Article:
Cyril Farey was in direct competition with Walcot during the 20s and 30s and was in great demand as an architectural artist and draughtsman. Although Farey ran his own successful architectural practice he spent much of his time working for other architects and produced many splendid watercolours which were exhibited at the Royal Academy. In fact he was so popular at one stage that the term "Fareyland" was coined for the Architecture Rooms at the RA due to the fact that so many architects used him. Farey had several assistants who created initial drawings to which he completed in watercolour. His trademark was to represent the foreground with reflections as if it had just stopped raining which can just be seen on the right side in this impressive example.
William Walcot (1874-1943): Watercolour drawing of Whitehead Mills London.
As an architectural illustrator my career began in earnest after a commission by the architect, author and broadcaster John Prizeman (d.1992) in 1984. Good Housekeeping magazine featured an article by Prizeman in which he gave advice on restoring old properties to their original design. This led to numerous commissions for ‘artist’s impressions’ of future housing developments for use in planning, advertising and publishing. My work and interest culminated in a Masters research degree into architectural illustration at the Royal College of Art in 1997. During this period of study I discovered many artists and illustrators who have had a significant influence on my work. Here are some examples of those most noteworthy: William Walcot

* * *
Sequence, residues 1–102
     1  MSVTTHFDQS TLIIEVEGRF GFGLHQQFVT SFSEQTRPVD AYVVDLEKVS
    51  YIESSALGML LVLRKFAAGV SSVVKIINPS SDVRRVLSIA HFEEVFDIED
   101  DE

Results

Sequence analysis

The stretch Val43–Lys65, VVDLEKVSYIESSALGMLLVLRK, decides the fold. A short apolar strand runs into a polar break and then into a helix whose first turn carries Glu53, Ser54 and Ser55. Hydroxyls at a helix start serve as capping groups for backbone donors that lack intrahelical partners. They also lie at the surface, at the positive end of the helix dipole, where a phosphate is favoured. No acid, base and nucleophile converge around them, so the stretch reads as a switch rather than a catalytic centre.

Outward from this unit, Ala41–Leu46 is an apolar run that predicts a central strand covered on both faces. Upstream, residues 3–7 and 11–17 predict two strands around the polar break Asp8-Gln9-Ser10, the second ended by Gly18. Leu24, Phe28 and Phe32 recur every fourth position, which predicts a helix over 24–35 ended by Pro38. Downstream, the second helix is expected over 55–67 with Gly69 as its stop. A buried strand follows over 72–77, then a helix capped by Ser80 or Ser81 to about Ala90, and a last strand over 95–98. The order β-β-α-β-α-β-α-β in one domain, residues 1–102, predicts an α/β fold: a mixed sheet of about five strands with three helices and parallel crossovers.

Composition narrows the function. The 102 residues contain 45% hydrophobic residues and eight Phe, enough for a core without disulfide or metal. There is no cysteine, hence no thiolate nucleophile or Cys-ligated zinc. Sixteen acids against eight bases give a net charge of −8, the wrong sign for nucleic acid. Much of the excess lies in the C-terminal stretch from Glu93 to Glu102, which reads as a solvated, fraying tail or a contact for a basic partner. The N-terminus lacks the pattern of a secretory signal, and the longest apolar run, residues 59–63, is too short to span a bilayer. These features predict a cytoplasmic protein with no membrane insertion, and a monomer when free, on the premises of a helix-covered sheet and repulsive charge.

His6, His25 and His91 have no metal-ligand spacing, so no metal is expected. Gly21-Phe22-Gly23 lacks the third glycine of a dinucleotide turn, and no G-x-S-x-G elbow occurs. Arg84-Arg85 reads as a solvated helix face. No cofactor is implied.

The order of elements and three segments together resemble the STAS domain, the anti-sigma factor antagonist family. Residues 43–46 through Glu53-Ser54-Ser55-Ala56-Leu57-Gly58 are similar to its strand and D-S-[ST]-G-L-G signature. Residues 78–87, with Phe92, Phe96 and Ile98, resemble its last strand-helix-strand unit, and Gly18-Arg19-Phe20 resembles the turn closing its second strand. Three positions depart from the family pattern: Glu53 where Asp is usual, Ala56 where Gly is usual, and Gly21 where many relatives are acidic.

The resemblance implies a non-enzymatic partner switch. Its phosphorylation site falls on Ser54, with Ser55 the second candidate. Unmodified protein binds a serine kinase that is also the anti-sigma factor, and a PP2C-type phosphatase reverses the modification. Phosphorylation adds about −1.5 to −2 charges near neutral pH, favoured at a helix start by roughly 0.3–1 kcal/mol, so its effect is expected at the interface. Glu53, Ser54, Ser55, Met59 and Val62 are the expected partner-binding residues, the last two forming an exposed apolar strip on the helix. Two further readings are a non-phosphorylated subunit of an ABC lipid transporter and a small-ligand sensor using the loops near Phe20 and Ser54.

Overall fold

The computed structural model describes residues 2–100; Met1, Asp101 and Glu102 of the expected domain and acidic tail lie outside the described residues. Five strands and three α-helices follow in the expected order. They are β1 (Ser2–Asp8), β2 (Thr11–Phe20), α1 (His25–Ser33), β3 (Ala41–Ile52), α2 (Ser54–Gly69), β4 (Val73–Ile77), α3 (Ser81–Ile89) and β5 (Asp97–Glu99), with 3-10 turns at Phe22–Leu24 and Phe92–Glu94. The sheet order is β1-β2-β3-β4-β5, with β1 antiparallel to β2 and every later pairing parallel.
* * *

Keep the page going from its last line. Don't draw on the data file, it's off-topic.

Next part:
Walcot was the most celebrated architectural draughtsman during the 1920s and 30s after practicing as an architect in Moscow for five years. His drawings were light and impressionistic as well as economic in style and technique. Here we see his fleeting line and brushwork in this topographical work from the 1930s. Walcot demonstrates his mastery of perspective in creating a sense drama in this piece which offers an insight into the activity within an industrial workplace.